Robustness, Transparency and Fiscal Soundness: Three Requirements for USDA/NIFA’s National Monitoring Plan for Native Bees

June 28, 2017

The following is CRE’s presentation to USDA/NIFA’s Listening Session on its National Monitoring Plan for Native Bees. A pdf of CRE’s presentation is available here.

I. Core Issue: All models and datasets used to estimate native bee populations must comply with the Data Quality Act

II. Data Collection and Modeling is the Basis for Understanding Native Bee Populations

A. Data Collection

i.  Robustness. The collected data needs to be robust.

ii. Inferences. The sample size needs to be large enough to permit knowledgeable inferences.

B. Models

i.  DQA Requirements. The models need to comply with the transparency, reproducibility and other requirements of the Data Quality Act.

ii.  Early Public Vetting of Models. The models need to be put out for public comment before the models are used with real data—this is essential for avoiding the waste of federal resources.

III. NIFA Should Spend Federal Resources Only on Useable Data and Models

A. Federal law prohibits agencies from relying on data which does not meet DQA standards.

B. Thus, NIFA’s first order of business in developing the Native Bee National Monitoring Plan is vetting studies, models and datasets to ensure that they are eligible for use.

IV. Why Native Bees Studies and Data Need to be DQA-Vetted: The Woodcock Example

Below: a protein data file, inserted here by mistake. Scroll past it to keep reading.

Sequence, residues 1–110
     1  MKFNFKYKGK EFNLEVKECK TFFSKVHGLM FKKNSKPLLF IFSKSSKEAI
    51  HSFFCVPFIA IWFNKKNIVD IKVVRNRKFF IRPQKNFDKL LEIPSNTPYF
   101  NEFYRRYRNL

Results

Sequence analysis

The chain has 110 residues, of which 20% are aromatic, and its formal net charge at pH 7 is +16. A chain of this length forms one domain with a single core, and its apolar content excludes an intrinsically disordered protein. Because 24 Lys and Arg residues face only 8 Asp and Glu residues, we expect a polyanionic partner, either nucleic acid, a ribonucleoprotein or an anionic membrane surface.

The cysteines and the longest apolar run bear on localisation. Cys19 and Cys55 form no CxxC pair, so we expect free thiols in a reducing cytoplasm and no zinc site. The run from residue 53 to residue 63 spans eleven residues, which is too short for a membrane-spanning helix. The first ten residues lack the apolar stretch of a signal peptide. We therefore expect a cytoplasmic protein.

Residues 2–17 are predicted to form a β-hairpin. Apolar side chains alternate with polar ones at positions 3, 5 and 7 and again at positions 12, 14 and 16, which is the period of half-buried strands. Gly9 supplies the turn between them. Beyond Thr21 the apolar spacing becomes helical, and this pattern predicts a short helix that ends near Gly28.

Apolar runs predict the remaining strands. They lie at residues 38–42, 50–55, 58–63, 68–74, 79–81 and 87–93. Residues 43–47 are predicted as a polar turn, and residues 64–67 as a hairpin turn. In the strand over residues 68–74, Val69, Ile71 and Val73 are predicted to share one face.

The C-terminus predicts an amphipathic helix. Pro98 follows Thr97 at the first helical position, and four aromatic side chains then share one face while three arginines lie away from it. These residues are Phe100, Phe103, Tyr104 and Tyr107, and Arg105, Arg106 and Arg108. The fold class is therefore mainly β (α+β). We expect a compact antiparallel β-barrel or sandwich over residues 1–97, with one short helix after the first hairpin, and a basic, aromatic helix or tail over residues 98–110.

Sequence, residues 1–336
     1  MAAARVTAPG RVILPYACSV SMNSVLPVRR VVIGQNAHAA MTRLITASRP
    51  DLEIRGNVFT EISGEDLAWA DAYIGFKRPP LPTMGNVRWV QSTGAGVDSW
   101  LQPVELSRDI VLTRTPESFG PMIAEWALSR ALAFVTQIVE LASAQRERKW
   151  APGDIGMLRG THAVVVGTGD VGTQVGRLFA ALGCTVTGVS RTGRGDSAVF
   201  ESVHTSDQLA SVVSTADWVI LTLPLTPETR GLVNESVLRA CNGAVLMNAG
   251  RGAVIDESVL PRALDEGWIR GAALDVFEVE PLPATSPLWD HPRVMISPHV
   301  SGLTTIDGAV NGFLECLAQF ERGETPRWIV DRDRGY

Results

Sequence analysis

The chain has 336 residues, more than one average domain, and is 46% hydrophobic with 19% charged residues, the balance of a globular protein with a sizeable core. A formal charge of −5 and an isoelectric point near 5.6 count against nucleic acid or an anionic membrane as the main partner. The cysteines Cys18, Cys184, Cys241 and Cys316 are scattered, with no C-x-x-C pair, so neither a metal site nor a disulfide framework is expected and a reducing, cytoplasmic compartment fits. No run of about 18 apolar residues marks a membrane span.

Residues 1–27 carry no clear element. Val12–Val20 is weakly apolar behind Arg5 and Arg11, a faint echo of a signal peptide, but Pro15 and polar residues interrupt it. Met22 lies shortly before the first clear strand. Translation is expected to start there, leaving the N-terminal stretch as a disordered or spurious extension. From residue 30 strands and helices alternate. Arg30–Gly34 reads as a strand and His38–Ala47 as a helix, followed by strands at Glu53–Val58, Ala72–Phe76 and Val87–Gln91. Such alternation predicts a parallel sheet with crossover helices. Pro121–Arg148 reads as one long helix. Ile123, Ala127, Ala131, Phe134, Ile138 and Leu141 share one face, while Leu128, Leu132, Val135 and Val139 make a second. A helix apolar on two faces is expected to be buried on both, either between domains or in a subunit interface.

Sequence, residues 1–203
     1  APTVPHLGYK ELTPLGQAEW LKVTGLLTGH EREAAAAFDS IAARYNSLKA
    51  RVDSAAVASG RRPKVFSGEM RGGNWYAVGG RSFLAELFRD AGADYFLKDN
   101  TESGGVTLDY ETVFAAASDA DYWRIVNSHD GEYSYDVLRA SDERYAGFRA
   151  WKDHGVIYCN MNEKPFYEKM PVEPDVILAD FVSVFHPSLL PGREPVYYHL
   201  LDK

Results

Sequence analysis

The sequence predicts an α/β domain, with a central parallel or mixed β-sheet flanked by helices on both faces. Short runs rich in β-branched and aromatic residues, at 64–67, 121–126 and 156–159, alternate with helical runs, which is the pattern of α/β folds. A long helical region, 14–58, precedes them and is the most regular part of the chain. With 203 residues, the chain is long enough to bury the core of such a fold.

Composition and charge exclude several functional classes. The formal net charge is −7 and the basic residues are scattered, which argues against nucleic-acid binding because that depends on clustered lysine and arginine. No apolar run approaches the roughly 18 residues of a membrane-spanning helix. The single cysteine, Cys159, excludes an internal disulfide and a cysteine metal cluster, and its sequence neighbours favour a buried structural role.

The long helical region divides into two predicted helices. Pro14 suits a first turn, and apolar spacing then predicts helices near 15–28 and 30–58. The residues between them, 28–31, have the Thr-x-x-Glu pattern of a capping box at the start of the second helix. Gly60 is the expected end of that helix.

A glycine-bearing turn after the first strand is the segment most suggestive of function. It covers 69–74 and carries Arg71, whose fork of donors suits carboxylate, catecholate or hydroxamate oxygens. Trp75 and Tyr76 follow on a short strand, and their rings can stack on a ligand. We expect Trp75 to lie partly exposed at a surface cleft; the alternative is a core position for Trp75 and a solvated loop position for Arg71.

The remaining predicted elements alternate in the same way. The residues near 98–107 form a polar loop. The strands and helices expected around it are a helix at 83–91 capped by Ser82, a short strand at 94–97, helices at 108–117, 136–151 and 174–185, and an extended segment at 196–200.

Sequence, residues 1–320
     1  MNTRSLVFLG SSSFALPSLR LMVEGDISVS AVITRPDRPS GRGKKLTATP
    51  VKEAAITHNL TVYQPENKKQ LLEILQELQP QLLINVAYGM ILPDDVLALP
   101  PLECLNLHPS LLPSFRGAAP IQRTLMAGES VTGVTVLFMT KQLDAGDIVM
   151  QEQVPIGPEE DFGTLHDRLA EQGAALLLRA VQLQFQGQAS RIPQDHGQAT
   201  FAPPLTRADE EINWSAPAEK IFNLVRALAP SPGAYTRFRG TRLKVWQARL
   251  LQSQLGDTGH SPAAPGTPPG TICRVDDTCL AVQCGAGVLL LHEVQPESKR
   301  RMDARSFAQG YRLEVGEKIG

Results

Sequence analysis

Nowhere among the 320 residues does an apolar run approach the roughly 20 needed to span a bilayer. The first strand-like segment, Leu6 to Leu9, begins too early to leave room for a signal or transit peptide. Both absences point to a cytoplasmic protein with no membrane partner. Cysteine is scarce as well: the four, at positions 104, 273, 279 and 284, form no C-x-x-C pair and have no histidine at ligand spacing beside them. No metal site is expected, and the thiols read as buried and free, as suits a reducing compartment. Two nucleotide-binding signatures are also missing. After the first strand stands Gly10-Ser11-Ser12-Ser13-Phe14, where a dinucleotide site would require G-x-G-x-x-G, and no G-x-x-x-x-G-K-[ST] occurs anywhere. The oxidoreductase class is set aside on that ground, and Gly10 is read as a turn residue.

A. CRE is undertaking an independent reanalysis of a well-known study of non-Apis bees, “Impacts of neonicotinoid use on long-term population changes in wild bees in England” by Dr. Benjamin Woodcock, Nicholas Isaac, et al. to assess whether it complies with the requirements of the US Data Quality Act.

B. CRE has contacted the lead study author and requested a copy of the data that was used. We received a prompt and gracious offer to provide us with the data but we have not yet received the data itself.

C. One of the DQA’s requirements for influential scientific information is that it provides “sufficient transparency about data and methods that an independent reanalysis could be undertaken by a qualified member of the public. . . .”

D. CRE will be evaluating the Woodcock study’s compliance with the DQA.

V.  Conclusion

USDA/NIFA’s National Monitoring Plan for Native Bees can accept studies, datasets, and models only after the information demonstrates compliance with the Data Quality Act.

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